Thirty years later, Zvyagintsev refutes Sting’s claim that the Russians love their children too. Boris (Aleksey Rozin of Leviathan and Elena) and Zhenya may or may not have ever loved each other, or their son, are just trying to sell their apartment so they can move on with their lives. Boris is now with pregnant Masha, mom dating a balding dude with a grown daughter who looks a bit like mom. After the parents argue over who gets their 12-year-old son (neither wants him, so mom suggests boarding school then the army), he runs away and is never seen again. The police suggest that runaways almost always return to their warm homes, but the police don’t know what this kid overheard.
Set mostly in fall 2012 before cutting to the more recent past, for symbolic and political reasons that I’m not keen on looking into. Creeping, controlled camera moves and an overall sense that all hope is lost, that nothing will ever be good again. I suppose I liked this even better than Leviathan. Premiered at Cannes, now the eighth competition title I’ve seen from last year – that’s out of nineteen, but some (Redoubtable, Rodin, Jupiter’s Moon) I’m not trying to catch up with.
Third movie called Leviathan I’ve seen, and another has just been announced. First Andrey Z. movie I’ve seen since The Return, and this was less mystical and mysterious than I’d expected from that one. But there’s still room for ambiguity in this generally straightforward story of a family’s obliteration by greedy, corrupt government officials as well as typical relationship drama. Wonderful looking movie, making the fact that it’s relentlessly grim easier to take.
Lilya (Elena Lyadova of Andrey Z.’s Elena) is Kolya’s second wife, after the death of his first. She and Kolya seem happy, but his sullen teenage son isn’t taking the replacement mom very well, and she is obviously more attracted to Kolya’s visiting military buddy Dmitri (Vladimir Vdovichenkov of Paragraph 78), a lawyer helping try to save the family’s land, home and business from being taken by the city (to “build a town hall” according to court statements, but actually to build a lake house for friends of the mayor (Roman Madyanov of the recent Russian 12 Angry Men remake)). Dmitri’s a good lawyer and investigator, arrives with a folder full of mayor-incriminating documents in order to get a fair price for the property, but then he has a Very Bad Day, getting caught and beaten up by his friend for having sex with his wife while on a picnic trip, then getting kidnapped, beaten again and nearly murdered by the mayor’s thugs. So he straight-up ditches town, returns to the city without telling anyone, and sad Lilya stands atop a rocky cliff, then is washed up dead the following day. Kolya is sent away for murder, mayor has the house demolished and the son is adopted by neighbors. Supposedly Lilya’s murder weapon is discovered by investigators on the property, but the whole justice system has been proven to be corrupt, so we never know if Kolya really killed her (unlikely), if the son did it (he’s shown being extremely bothered by her, but the movie never suggests he’s psycho enough to kill his stepmom), if it was government thugs, or if they’re taking advantage of a conveniently-timed suicide.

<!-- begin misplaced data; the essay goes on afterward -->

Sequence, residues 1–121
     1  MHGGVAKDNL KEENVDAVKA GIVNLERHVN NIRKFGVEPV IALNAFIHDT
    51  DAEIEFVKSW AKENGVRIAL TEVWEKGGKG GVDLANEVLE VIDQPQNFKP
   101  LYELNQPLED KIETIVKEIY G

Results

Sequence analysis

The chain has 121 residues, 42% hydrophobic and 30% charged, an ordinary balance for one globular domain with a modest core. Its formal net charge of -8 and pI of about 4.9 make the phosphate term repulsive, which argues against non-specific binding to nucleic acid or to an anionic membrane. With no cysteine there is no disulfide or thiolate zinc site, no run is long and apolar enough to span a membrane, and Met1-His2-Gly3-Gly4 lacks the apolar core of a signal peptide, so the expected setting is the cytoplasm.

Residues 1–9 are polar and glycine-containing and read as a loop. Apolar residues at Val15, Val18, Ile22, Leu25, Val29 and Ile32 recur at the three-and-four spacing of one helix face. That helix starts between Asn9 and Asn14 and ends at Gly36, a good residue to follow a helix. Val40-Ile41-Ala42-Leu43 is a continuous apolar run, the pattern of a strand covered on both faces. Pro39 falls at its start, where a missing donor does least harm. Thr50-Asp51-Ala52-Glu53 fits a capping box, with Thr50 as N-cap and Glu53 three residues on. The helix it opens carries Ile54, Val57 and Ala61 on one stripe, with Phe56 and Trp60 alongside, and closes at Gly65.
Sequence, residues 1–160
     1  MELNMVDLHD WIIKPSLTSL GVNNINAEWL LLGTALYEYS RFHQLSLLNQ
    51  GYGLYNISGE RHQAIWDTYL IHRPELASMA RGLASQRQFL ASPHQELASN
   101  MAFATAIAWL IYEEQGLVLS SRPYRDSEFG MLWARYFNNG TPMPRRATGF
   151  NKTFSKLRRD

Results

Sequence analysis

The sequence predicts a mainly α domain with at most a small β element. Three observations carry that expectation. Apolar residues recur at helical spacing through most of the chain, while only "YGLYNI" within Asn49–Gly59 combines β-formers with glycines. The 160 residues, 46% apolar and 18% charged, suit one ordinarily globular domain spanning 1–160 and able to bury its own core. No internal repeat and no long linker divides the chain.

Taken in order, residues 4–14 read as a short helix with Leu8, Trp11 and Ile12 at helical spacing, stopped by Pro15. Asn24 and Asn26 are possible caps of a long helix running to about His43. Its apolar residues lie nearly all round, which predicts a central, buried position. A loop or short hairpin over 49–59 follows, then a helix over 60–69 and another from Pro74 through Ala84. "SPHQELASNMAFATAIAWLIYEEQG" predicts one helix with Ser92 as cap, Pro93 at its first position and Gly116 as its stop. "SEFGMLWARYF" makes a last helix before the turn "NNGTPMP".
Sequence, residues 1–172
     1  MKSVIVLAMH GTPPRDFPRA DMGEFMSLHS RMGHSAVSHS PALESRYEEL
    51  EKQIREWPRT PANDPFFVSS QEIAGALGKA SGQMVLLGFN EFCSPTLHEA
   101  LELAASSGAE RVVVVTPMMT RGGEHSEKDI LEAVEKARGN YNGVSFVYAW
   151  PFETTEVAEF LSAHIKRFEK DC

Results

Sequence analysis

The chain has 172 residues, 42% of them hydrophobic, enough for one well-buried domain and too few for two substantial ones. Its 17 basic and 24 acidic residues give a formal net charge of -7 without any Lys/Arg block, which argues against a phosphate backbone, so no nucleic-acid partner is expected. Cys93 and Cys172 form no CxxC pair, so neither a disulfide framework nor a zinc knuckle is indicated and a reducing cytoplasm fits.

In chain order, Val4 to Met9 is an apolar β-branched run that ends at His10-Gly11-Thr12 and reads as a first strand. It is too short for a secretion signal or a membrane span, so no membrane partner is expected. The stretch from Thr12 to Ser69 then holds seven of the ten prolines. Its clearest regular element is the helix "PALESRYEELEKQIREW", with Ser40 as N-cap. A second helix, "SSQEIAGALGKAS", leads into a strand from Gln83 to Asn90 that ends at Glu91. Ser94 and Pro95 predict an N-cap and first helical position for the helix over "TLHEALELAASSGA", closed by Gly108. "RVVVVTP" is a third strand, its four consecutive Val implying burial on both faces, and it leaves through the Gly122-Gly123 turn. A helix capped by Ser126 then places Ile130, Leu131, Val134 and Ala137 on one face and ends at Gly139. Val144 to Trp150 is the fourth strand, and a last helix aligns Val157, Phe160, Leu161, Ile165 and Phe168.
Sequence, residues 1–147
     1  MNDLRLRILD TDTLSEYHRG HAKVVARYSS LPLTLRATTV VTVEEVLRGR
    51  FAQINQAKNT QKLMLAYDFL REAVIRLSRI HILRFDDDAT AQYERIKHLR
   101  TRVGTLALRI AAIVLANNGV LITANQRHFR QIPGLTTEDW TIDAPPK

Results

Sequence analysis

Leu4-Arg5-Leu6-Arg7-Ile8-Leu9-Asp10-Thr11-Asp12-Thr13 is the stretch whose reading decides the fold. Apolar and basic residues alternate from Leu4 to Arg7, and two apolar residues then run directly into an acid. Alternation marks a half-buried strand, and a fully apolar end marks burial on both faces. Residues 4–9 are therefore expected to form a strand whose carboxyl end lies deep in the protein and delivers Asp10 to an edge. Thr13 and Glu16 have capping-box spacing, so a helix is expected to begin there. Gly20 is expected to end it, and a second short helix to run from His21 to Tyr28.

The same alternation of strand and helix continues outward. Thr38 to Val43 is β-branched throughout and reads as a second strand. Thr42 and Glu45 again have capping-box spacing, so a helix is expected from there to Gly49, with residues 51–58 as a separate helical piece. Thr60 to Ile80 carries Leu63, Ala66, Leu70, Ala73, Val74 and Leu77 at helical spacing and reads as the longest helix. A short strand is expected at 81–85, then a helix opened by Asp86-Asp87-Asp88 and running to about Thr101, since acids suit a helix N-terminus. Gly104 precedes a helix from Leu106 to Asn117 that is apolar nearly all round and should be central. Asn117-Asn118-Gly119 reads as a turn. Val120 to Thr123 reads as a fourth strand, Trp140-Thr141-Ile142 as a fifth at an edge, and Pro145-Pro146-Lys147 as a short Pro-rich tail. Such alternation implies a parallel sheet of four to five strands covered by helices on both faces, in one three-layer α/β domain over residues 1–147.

Also within: the church collaborates on the corruption deals, and an absolute ton of vodka is consumed. Won best screenplay at Cannes, nominated for a foreign oscar alongside Ida and Timbuktu. In a January interview, Andrey Z says he has four new screenplays and his producer is deciding which to film next. He’s also encouraging piracy of this film within Russia since its profane dialogue has been censored in theaters. On politics: “There is discussion in society, but it’s pointless. I have a feeling of the absolute futility of pretending to the right to have a say in any situation.”
Leviathan itself feels like a brave, lonely act of rebellion against the system, deeply pessimistic about the possibility of it ever working in the people’s favor. It advocates for a stiff drink.